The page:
Mesa Setup Part 2: Software

Once I had the hardware set up, it was time to get things configured in Linux CNC.  I had already downloaded the live cd from  The CD can be booted from in order to test LCNC on your system or you can use it to install Ubuntu and LCNC onto your hard drive. I took the latter course since there was no operating system pre-installed on my computer.


The IO and Stepper config is done in a program called “LinuxCNC Pncconf Wizard.” The version I installed didn’t come with the 5i25 firmware preloaded, so I had to download it from Mesa’s site here. Then I copied the 5i25 folder containing 7i76x1.xml (among others) to lib/firmware/hm2.

A couple of notes for folks new to linux: It’s really picky about permissions. In order to copy the directory and make sure Pncconf Wizard has permission to use the files, you’ll want to open a terminal window and type sudo nautilus. You’ll be prompted to enter your password and then a browser window will open and you’ll have root (godlike) privileges. Once you copy the folder, you’ll have to right click the xml file for the 7i76 and click properties. Then click on the permissions tab and change the owner from root to whatever your username is. There’s also a handy little linux reference here.

LinuxCNC Point and Click Configuration Wizard

Setup for Mesa hardware is done through the PNCconf Wizard. This is a program under CNC in the Applications menu. The online documentation for this wizard is pretty good and answered a lot of my questions as I was clicking through it. I’ll just highlight a couple points I thought were interesting or difficult.

Computer Response Time

One is on the Computer Response Time box on the “Base Machine Information” window. There’s a button to test the latency of your computer, i.e. how long a request might wait before getting to the CPU. Here’s what the manual says about this box:

LinuxCNC requires and uses a real time operating system, which just means it has a low latency ( lateness ) response time when LinuxCNC requires its calculations and when doing LinuxCNCs calculations it cannot be interrupted by lower priority requests (such as user input to screen buttons or drawing etc). Testing the latency is very important and a key thing to check early. Luckily by using the Mesa card to do the work that requires the fastest response time (encoder counting and PWM generation) we can endure a lot more latency then (sic) if we used the parallel port for these things…

If you press the test base period jitter button, this launches the latency test window … We need to look at base period jitter. Anything under 20000 is excellent – you could even do fast software stepping with the machine 20000 – 50000 is still good for software stepping and fine for us. 50000 – 100000 is really not that great but could still be used with hardware cards doing the fast response stuff. So anything under 100000 is useable to us.

Other places in the documentation also refer to “software stepping” vs. “hardware stepping” where hardware stepping is when you have the system timing coming from the 5i25 clock instead of the cpu. This is all very interesting and it’s good to know that it’s not as critical since I’m not using software stepping.  However, it’s confusing that they call the parameter “Actual Servo Period” when it appears to also apply to systems using stepper motors. I still have a lot to learn about all of this…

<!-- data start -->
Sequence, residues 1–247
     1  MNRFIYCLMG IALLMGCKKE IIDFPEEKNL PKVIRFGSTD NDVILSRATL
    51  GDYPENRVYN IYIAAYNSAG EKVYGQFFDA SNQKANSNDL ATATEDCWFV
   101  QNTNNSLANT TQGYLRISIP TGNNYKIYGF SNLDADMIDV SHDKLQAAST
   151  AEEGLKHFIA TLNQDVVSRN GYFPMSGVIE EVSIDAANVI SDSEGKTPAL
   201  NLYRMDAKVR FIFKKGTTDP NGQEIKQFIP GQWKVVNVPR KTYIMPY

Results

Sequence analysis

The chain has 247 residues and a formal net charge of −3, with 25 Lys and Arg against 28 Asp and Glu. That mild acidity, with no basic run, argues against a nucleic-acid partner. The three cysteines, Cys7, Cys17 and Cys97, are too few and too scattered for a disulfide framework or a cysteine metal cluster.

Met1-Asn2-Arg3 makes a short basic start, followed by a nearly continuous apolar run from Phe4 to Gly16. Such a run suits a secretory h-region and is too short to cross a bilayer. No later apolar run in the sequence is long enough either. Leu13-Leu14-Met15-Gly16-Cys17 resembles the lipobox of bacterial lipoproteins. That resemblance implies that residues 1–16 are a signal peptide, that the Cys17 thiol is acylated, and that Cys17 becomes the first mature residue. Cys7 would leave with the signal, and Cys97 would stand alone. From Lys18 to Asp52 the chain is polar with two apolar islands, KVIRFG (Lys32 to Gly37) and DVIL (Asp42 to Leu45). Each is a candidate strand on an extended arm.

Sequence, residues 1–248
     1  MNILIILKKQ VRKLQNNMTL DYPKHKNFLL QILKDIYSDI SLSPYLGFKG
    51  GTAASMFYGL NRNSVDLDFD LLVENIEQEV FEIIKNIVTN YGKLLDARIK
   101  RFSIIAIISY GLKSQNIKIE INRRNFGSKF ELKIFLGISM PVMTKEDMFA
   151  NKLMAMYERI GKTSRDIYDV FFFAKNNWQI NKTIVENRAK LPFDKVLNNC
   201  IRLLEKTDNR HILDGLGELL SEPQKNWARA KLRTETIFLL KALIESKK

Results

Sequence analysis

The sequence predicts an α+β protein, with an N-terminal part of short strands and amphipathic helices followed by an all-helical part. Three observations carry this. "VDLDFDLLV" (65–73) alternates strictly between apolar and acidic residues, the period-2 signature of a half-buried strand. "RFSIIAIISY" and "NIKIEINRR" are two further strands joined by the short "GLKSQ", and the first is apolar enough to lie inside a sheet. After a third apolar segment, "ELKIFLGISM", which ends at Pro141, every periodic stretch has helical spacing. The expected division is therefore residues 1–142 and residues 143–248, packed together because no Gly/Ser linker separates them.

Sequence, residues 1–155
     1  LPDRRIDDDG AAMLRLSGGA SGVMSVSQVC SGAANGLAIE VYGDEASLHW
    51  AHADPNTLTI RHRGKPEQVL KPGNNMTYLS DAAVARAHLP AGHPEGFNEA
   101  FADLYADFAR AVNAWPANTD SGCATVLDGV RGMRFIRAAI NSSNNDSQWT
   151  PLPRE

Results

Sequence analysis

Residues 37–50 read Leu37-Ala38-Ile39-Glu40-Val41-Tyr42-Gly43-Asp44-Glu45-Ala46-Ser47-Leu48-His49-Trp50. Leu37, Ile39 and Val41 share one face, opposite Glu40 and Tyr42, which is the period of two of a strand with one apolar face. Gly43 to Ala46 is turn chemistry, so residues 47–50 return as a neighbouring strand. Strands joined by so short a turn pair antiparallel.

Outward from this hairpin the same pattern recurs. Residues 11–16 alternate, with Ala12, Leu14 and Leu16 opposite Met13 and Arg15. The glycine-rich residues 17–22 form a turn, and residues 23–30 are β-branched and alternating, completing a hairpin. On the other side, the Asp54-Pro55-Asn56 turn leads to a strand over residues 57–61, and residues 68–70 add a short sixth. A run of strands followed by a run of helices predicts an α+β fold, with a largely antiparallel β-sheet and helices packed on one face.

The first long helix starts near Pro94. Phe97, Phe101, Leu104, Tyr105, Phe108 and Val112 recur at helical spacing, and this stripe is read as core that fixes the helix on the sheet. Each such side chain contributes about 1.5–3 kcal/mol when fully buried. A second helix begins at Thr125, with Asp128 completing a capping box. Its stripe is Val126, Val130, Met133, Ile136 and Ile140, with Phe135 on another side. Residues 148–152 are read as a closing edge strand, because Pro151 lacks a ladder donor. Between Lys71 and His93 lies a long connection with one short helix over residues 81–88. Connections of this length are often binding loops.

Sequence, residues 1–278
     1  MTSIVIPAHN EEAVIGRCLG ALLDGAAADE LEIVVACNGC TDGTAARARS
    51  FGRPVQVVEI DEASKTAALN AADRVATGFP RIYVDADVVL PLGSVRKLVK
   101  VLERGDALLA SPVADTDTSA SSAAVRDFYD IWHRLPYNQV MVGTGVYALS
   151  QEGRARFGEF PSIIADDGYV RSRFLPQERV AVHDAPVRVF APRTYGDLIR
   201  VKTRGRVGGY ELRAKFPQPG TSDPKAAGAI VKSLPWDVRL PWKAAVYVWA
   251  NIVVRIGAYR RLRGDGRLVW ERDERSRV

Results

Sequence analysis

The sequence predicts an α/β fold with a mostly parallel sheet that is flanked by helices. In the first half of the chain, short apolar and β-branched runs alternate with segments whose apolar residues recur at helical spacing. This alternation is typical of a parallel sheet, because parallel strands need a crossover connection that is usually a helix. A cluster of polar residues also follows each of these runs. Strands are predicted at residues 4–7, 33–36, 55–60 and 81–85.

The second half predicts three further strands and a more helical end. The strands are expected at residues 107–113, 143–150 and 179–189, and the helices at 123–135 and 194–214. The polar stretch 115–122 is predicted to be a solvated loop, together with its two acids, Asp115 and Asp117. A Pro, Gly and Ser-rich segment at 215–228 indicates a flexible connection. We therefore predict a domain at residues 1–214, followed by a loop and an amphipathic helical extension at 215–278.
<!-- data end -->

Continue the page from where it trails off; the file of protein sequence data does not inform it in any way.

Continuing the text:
My latency test results.

My latency test results.

Driver Timing

Another item I spent some time on was on the “X- axis configuration” page. There are parameters called “step on time”, “step space”, “direction hold”, and “direction setup.” These parameters are different for different stepper motor drivers. There’s a table here that lists quite a few drivers and their respective values. The KL5056 however is not on the list so I was left scratching my head. The documentation says you can make a high guess on these numbers and you’ll just be limiting the top speed of your machine. I was thinking I might have to try that until I found another driver that looked identical that WAS on the list. Further inspection revealed that even the datasheets are the same. Only the name is different, so I entered those values.

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It’s ALIVE!!

When I was done with the wizard, I powered up the 48V power supply and opened LinuxCNC. I was able to deselect the emergency stop button and turn on system power. When I clicked the limit/home switch, I got a limit error exactly like I should.  Then I clicked on the x axis jog buttons and the motor buzzed to life! I have to say this was pretty gratifying after the amount of time I spent reading manuals and double checking connections and settings.

Later, I ran the default cut file and was able to watch the tool moving around on the screen corresponding to the movement of the x-axis motor I had hooked up.  I have no idea if it was turning at the right scale or the optimum speed. Like I said in part one of this post, the point of this test was just to make sure I could get the pc talking to the motors and switches. I’m counting on there being more hurdles and fine tuning after I get the rest of the fabrication done on the table and finally mount the gantry. Now I’m even more excited to get on with that part of the project!